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TLC’s Final Album Sees High-Profile Backers, Thousands of Fan Pledges on Kickstarter

Last Monday, R and B group TLC launched a Kickstarter campaign for their upcoming album, with a goal of raising $150,000. They met that goal by Thursday, January 22, and have since exceeded it, bringing in a total of $229,392 within just one week.

TLC members Rozonda “Chilli” Thomas and Tionne “T-Boz” Watkins released statements on Twitter and elsewhere, stating that they felt “blessed and loved,” according to Thomas.

The new fifth album will mark the first since 2002′s 3D, which was released seven months after the death of the group’s third member, Lisa “Left Eye” Lopes.

Fans can continue to make pledges for another 23 days, which turns this music campaign into one of the most successful on Kickstarter so far. With more than 91% of Americans using social media regularly, word traveled fast over the past week through Facebook, Twitter, and other outlets.

“In just four days, their project’s become one of the most funded and anticipated music projects on Kickstarter to date,” said company spokesman Justin Kazmark.

In addition to fans who donated, the group also received funds from high-profile supporters like Katy Perry, who pledged $5,000, and New Kids on the Block, who pledged $20,000 and will tour with TLC in the spring. Other donors who pledged large amounts get their choice of several rewards, including a TLC onesie, a sleepover in Atlanta with Chilli and a sleepover in Los Angeles with T-Boz (though the latter has already been claimed). Lower pledged amounts can receive thanks in the album’s digital liner notes and photo books, among other bonuses.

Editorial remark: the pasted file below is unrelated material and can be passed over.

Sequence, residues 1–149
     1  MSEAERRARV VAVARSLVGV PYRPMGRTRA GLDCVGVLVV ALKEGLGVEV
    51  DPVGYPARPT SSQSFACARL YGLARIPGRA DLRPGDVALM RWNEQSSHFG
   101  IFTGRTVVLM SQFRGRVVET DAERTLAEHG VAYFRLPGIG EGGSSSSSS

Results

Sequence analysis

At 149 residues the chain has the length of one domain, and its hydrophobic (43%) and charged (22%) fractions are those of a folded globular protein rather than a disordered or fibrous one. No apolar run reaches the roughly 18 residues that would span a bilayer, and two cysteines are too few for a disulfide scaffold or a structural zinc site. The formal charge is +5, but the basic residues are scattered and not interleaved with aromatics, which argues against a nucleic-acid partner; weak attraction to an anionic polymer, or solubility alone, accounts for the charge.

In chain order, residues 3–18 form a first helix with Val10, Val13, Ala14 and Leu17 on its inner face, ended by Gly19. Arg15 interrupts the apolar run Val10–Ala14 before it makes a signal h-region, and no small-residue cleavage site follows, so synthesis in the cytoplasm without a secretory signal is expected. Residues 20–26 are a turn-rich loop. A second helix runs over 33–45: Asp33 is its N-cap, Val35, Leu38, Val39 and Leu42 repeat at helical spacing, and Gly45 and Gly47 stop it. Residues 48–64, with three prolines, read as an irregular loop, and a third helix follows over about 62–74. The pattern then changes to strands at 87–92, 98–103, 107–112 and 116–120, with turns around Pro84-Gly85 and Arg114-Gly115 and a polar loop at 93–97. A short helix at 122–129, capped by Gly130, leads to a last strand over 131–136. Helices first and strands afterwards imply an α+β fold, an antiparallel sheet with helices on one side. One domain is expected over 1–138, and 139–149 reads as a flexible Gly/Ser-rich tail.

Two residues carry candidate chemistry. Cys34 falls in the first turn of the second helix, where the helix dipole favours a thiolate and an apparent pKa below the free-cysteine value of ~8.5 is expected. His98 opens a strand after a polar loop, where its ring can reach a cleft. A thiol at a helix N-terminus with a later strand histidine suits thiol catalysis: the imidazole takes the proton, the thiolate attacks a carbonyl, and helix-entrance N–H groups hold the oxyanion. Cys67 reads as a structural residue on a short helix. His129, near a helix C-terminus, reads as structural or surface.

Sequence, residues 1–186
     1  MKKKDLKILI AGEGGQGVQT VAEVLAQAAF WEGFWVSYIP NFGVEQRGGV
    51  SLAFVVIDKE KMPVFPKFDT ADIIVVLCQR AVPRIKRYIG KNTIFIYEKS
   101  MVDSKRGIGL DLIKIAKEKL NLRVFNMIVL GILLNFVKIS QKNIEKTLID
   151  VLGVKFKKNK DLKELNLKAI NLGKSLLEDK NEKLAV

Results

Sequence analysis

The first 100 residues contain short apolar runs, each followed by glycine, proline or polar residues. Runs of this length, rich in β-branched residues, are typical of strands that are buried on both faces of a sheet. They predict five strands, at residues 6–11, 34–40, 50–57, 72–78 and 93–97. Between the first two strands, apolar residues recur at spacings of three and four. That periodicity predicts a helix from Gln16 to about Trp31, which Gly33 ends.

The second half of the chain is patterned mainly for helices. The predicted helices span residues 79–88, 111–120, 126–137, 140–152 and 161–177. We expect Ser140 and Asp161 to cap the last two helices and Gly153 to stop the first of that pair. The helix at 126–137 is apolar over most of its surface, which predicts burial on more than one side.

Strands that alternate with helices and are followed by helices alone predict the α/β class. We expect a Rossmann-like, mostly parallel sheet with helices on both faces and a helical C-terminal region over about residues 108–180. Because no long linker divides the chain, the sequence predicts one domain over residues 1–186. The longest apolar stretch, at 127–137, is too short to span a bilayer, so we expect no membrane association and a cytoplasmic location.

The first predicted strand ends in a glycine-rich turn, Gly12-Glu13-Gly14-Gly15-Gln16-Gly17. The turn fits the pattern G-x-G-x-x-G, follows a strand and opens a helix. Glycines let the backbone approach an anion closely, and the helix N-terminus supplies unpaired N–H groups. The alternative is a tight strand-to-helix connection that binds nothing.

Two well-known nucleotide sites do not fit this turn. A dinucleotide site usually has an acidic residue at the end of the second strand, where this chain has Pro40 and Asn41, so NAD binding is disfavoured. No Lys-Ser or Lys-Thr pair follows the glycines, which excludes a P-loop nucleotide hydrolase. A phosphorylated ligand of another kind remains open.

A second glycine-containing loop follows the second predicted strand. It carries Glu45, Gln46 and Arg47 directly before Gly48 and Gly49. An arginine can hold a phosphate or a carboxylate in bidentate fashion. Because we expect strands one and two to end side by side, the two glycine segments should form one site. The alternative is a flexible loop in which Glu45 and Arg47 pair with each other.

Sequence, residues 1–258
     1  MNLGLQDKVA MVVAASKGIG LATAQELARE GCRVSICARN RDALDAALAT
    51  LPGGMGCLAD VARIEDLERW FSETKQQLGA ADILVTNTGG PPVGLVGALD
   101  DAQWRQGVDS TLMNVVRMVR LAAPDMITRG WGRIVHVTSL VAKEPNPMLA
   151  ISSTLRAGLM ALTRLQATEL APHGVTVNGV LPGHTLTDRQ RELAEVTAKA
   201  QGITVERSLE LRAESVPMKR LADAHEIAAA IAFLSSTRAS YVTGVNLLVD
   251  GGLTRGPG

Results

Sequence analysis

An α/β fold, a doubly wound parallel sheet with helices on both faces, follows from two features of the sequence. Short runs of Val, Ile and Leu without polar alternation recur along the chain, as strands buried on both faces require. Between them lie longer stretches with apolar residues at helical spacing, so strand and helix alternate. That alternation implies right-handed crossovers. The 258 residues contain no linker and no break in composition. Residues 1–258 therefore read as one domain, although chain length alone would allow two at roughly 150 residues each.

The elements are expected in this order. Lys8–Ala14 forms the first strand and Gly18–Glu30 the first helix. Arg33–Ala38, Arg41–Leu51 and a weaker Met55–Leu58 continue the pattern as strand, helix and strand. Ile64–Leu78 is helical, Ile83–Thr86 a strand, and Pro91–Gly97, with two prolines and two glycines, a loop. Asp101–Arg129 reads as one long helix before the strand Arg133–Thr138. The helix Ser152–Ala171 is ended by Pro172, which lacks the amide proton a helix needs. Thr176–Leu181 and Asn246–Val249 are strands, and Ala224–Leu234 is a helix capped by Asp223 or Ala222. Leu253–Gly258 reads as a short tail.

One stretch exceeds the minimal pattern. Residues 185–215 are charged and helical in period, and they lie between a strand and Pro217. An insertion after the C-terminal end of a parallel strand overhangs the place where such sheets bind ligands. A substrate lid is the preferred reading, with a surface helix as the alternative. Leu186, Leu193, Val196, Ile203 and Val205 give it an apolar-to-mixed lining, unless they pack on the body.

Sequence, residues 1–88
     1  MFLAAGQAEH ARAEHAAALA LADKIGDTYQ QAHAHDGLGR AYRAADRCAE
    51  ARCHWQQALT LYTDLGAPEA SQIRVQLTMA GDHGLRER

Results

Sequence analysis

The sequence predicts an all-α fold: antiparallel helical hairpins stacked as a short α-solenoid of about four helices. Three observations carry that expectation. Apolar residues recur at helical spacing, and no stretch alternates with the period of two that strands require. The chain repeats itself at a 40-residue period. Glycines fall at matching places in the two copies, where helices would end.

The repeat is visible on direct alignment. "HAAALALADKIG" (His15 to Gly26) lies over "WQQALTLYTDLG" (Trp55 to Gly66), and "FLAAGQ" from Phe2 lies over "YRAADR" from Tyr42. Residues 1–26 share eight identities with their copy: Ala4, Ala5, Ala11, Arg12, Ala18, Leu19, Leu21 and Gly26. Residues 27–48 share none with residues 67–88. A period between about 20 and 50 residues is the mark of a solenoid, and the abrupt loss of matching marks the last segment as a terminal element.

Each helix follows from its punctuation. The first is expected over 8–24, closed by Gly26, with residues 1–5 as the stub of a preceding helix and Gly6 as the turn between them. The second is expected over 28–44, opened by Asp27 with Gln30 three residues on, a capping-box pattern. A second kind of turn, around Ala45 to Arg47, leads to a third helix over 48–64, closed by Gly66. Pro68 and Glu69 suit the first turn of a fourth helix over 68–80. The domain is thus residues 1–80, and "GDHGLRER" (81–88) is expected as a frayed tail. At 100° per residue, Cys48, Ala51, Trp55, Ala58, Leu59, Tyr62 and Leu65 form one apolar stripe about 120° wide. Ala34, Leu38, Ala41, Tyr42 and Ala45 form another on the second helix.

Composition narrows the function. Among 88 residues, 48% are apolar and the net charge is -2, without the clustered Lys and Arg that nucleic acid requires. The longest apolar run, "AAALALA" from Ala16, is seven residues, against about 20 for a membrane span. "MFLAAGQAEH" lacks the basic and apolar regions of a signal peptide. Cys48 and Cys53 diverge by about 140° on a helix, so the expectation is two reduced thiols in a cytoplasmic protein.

Thomas and Watkins decided on a Kickstarter campaign as a way to work with fans — it wasn’t necessarily about shunning record labels.

“We don’t want this whole project to be about us trying to get away from record labels,” Thomas said. “It had everything to do with our fans asking us for new music, sending in ideas as far as names of albums, visuals, stuff for albums.”

TLC was one of the highest-selling groups of the ’90s, with their 1994 album CrazySexyCool reaching diamond (or 10x platinum) status — a first for an all-female group. In the mid-90s, the group famously went bankrupt after a bad deal with record labels and managements, which only paid them $0.56 per album sold — split three ways for each member.

Watkins and Thomas say the crowd-funded album will be their last.

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